Montesquieu

Rica to Usbek in ***


This mor­ning I was in my room, which, as you know, is sepa­ra­ted from the others only by a very thin par­ti­tion, with seve­ral ope­nings in it so that one hears eve­ry­thing that hap­pens in the next room. A man who was pacing with great stri­des was saying to ano­ther : I don’t know what it is, but eve­ry­thing is tur­ning against me ; it ha’s been three days since I said any­thing that did me any cre­dit, and I have found myself inter­min­gled indis­cri­mi­na­tely in every conver­sa­tion without anyone paying me any atten­tion or addres­sing me even twice. I had pre­pa­red a few set pie­ces to spice up my speech, but they have never allo­wed them me to bring them up ; I had a nice story to tell, but as I tried to work up to it they dod­ged I had done it on pur­pose ; I have some cle­ver remarks that for four days have been aging in my head without my being able to make the least use of them. If this keeps up, I think I will end up a moron : it seems that is my des­tiny, and that I can­not avoid it. Yesterday I had hoped to shine with three or four old ladies who cer­tainly do not inti­mi­date me, and I would have said the most delight­ful ; it took me more than a quar­ter-hour to steer my conver­sa­tion, but they never fol­lo­wed a cohe­rent line, and like the Parcae cut the thread of eve­ry­thing I said. Do you want to know what I think ? A repu­ta­tion for cle­ver­ness is very hard to sus­tain, and I don’t know how you have mana­ged to suc­ceed at it. I have an idea, replied the other ; let us work toge­ther to make our­sel­ves look cle­ver. Let us col­la­bo­rate on that : each of us will tell the other every day what we are to talk about, and we will shoul­der each other so well that if someone should inter­rupt in the middle of our train of thought, we will draw him in our­sel­ves, and if he does not come willin­gly we will force him. We will agree on the pla­ces when we should approve, when we should smile, others when we should laugh out loud and uproa­riously. You will see that we will set the tone in every conver­sa­tion, and peo­ple will admire the live­li­ness of our wit and the cle­ver­ness of our rejoin­ders. We will pro­tect each other with reci­pro­cal nods. You will shine today ; tomor­row you will be my second. I shall go into a house with you and exclaim, poin­ting at you : I must tell you a most amu­sing reply which mon­sieur just made to a man we encoun­te­red in the street – and I will turn towards you – he did not expect it, and was quite taken aback. I will recite some of my ver­ses, and you will say : I was there when he wrote them ; it was during a sup­per, and he took not even a moment to think about them. Often we will even tease each other, and they will say : Look how they attack each other and how they defend them­sel­ves ; they don’t spare each other ; let’s see how he will get out of that one : beau­ti­ful, what pre­sence of mind ! It is a real bat­tle, but they will not say that we had spar­red the day before. We’ll have to buy cer­tain books, which are col­lec­tions of jokes inten­ded for those who have no wit, and want to fake it ; it all hin­ges on having some models. I think before six months are up we will be able to main­tain an hour’s conver­sa­tion chock full of jokes. But we must take care to sus­tain their for­tune ; it is not enough to tell a joke ; it must be publi­shed, it must be spread abroad and sown eve­ryw­here ; other­wise it is for naught ; and I confess that there is nothing so dis­maying as to see a lovely thing you have said die in the ear of the idiot who hears it. It is true that often there is a com­pen­sa­tion, and that we also make many foo­lish remarks that pass inco­gnito ; and that is the only thing that can console us in that ins­tance. This, my friend, is what we should decide upon. Do what I tell you, and I pro­mise you within six months a seat in the Académie. That is just to say that it will not be a long labor, for then you will be able to relin­quish your art : you will be willy-nilly a man of wit. They remark in France that once a man enters a society, he imme­dia­tely assu­mes what is cal­led the esprit du corps : you will do the same, and the only thing I fear for you is an embar­rass­ment of applause.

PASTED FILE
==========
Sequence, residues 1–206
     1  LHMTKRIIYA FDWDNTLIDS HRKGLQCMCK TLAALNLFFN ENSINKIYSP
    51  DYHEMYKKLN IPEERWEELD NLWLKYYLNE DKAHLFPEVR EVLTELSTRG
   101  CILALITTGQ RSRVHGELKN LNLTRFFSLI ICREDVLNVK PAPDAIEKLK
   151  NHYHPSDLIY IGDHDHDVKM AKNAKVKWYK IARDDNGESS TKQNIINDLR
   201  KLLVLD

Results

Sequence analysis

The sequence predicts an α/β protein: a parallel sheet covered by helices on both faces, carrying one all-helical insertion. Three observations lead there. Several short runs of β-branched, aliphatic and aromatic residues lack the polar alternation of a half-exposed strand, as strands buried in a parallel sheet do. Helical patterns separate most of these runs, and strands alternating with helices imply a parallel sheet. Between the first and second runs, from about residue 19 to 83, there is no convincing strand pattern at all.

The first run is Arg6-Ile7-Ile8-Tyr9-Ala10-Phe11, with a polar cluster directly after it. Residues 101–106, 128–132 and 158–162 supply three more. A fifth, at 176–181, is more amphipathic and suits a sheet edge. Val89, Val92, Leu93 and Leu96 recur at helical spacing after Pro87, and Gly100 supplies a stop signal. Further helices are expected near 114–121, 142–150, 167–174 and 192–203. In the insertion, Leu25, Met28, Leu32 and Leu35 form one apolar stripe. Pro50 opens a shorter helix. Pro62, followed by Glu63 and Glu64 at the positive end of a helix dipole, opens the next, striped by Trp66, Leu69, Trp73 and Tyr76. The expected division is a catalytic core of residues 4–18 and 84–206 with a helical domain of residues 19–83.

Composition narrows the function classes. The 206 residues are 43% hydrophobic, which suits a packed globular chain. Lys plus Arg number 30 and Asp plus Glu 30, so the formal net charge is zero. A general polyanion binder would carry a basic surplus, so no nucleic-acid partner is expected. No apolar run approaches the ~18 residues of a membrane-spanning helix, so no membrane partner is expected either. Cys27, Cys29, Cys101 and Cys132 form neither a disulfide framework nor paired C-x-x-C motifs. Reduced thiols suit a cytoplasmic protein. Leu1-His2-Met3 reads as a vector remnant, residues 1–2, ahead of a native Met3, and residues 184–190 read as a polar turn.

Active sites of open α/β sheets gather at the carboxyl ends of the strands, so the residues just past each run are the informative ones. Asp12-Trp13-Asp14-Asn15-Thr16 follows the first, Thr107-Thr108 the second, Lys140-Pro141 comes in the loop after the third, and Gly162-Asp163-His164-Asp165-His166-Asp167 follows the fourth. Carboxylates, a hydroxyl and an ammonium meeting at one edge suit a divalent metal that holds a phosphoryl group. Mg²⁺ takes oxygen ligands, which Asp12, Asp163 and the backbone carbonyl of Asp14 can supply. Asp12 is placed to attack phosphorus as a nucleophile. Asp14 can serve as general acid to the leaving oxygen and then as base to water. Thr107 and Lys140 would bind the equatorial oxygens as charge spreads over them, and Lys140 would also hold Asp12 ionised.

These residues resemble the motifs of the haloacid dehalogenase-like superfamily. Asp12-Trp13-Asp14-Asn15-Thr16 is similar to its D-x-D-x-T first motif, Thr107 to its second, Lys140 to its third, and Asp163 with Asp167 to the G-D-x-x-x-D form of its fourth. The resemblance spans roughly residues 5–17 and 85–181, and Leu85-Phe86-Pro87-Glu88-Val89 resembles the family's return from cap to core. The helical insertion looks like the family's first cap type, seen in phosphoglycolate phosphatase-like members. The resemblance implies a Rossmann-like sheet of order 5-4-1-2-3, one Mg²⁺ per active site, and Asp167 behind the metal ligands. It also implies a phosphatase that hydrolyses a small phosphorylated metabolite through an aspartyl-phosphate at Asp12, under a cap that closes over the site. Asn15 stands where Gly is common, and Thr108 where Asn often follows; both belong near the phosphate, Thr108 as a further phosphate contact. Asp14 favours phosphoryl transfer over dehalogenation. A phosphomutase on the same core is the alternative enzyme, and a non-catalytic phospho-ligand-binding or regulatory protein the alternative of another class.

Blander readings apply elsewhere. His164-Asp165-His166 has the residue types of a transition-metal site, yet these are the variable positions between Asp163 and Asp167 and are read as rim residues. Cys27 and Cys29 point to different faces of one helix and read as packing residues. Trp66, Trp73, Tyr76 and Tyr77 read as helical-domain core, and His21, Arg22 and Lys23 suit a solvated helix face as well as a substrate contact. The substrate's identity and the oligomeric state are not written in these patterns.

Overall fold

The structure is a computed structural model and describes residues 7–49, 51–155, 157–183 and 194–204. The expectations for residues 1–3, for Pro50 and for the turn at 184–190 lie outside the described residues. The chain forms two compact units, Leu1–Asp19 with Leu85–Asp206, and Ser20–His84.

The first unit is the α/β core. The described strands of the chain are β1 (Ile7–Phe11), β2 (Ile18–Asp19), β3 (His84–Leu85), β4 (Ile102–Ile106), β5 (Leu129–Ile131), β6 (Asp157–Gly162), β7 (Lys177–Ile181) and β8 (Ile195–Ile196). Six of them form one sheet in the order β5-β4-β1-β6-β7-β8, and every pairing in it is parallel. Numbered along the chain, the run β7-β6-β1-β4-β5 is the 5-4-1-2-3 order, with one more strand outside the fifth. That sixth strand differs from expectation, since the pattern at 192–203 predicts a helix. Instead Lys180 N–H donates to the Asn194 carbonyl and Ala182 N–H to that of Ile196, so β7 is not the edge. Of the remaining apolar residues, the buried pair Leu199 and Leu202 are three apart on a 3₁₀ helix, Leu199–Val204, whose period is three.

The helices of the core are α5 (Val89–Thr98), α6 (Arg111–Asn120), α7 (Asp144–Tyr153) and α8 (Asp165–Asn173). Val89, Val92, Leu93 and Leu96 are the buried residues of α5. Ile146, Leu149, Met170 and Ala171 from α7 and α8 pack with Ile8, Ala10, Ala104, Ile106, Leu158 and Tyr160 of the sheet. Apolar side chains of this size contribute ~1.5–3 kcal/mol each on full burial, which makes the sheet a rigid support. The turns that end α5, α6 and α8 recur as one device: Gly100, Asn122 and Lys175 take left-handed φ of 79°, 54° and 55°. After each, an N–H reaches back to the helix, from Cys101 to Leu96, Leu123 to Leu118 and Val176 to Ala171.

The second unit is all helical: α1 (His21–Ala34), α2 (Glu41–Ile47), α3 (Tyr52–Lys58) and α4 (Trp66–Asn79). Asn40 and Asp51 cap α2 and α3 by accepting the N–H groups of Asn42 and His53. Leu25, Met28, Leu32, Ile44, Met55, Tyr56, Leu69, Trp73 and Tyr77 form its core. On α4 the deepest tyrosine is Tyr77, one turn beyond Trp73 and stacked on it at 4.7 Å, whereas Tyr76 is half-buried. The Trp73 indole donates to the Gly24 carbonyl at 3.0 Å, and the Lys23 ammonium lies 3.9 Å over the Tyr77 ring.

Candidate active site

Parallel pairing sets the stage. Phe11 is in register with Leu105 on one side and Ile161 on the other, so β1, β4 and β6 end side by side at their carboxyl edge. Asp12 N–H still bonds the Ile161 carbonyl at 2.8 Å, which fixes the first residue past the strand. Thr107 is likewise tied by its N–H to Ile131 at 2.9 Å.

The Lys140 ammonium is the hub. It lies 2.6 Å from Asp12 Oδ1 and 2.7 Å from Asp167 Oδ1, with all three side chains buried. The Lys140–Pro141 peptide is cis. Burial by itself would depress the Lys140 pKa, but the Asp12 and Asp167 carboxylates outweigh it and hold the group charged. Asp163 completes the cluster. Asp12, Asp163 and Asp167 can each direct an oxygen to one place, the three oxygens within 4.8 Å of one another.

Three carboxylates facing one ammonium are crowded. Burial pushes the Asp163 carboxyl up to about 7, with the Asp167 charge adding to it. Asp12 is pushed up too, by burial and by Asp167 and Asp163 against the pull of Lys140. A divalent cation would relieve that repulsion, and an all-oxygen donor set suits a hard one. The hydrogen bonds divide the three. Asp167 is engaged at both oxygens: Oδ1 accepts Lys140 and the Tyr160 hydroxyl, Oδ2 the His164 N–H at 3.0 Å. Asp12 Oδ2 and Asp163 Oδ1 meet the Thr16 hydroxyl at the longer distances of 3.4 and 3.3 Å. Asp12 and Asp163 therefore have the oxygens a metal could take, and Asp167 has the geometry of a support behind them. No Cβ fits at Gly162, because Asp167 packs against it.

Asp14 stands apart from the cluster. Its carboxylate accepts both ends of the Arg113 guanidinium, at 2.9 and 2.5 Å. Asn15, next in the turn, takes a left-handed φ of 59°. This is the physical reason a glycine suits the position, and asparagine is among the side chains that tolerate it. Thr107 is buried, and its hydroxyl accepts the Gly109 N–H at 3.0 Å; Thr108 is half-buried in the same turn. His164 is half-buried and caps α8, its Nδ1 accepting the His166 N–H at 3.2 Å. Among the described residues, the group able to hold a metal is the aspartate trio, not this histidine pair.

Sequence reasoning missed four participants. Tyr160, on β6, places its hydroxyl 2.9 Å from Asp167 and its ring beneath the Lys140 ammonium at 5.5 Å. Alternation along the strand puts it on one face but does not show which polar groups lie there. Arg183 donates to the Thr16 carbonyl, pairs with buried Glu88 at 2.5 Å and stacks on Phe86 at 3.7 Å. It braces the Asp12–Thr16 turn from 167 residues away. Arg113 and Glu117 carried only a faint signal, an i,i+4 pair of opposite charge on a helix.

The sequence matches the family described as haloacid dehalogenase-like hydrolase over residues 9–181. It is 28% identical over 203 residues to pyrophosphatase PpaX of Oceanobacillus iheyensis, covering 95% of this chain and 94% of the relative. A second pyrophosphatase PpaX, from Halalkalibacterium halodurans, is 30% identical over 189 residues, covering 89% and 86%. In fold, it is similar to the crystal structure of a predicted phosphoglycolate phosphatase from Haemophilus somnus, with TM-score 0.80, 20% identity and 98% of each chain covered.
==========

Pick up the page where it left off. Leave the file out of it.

Paris this 6th day of the moon of Zilcadé 1714